What Guernsey’s decision not to pursue Solvency II equivalency means for the (re)insurers based there and those that use them

Guernsey’s announcement that it has no plans to seek Solvency II equivalency rears the perplexing head of equivalence once again.

The implications of the decision for reinsurers, and those who deal with them, remains uncertain but some market insiders believe it might not be all bad news.

The timing of the announcement crucially coincides with last week’s publication of the long-awaited EU Omnibus II directive.

Omnibus II gives more time

Omnibus II gives the European Commission the ability to fast track changes to some areas of insurance supervision and regulation without the need to go through the European parliament.

More importantly, Omnibus II has provided transition provisions around the concept of equivalence, giving the industry breathing space to decide what works best for business.

Reinsurers in Guernsey have been given the invaluable gift of time, says Aon Benfield’s head of analytics for EMEA, Marc Becker.

“Solvency II is going to be a 10-year process now according to Omnibus II, and so reinsurers have some time. Why would Guernsey be so keen to jump on this bandwagon?”

Double regulation - double trouble

One of the biggest problems for EU-owned reinsurers will be the effects of double regulation – both on Guernsey and within the EU Solvency II regime.

PricewaterhouseCoopers Solvency II partner Paul Clarke believes this could be a cumbersome inconvenience for reinsurers. “This will mean far more work. Where it gets complicated is for those reinsurers on the island owned by European parents, those European parents will now have to restate the capital requirements from the local basis to the full Solvency II basis.”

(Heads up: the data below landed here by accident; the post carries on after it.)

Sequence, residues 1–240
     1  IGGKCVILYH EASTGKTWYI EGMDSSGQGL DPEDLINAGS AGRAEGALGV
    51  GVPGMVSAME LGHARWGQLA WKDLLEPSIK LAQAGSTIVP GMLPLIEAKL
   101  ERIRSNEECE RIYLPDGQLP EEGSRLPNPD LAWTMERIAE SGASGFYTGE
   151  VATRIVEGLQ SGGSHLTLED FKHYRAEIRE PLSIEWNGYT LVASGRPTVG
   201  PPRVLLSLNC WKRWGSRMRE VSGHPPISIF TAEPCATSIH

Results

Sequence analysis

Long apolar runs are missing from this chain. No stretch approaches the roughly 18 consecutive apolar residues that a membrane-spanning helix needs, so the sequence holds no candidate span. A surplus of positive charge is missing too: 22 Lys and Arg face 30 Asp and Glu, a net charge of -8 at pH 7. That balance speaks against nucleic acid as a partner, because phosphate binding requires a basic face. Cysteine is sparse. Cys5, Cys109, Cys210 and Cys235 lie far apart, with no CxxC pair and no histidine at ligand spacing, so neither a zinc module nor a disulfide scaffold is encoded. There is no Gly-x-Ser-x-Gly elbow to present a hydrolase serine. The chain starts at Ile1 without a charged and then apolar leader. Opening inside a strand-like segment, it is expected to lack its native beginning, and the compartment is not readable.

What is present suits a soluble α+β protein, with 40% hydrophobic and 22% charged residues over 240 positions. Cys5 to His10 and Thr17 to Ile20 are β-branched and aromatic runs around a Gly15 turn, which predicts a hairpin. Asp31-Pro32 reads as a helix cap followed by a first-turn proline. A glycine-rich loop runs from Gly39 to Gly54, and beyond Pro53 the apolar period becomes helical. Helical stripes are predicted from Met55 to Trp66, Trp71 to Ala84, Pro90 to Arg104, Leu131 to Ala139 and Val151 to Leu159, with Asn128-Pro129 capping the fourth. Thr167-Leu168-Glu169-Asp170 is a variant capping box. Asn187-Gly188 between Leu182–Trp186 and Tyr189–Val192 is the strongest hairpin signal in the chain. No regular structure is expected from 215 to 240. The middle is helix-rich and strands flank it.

Benefiting from simplicity

But for Guernsey-based Barbican Reinsurance, the simplicity of the Guernsey regime also has many benefits.

Barbican chief executive David Reeves says: “It’s not extremely elaborate - the modelling demands are less, the regulations are easier to understand and it makes sense for smaller insurers and captives. We will be a beneficiary of this.”

Will EU-based reinsurers flee?

Guernsey’s decision beggars the question of whether twice the regulation workload will see EU-owned reinsurers fleeing in haste.

Clarke believes such haste will make waste of good opportunities. “For those reinsurers owned outside of the EU, the fact that they don’t have to comply with Solvency II rules could mean they stay where they are.

"I suspect that is colouring the decision of the Guernsey regulator not to pursue this regulation.”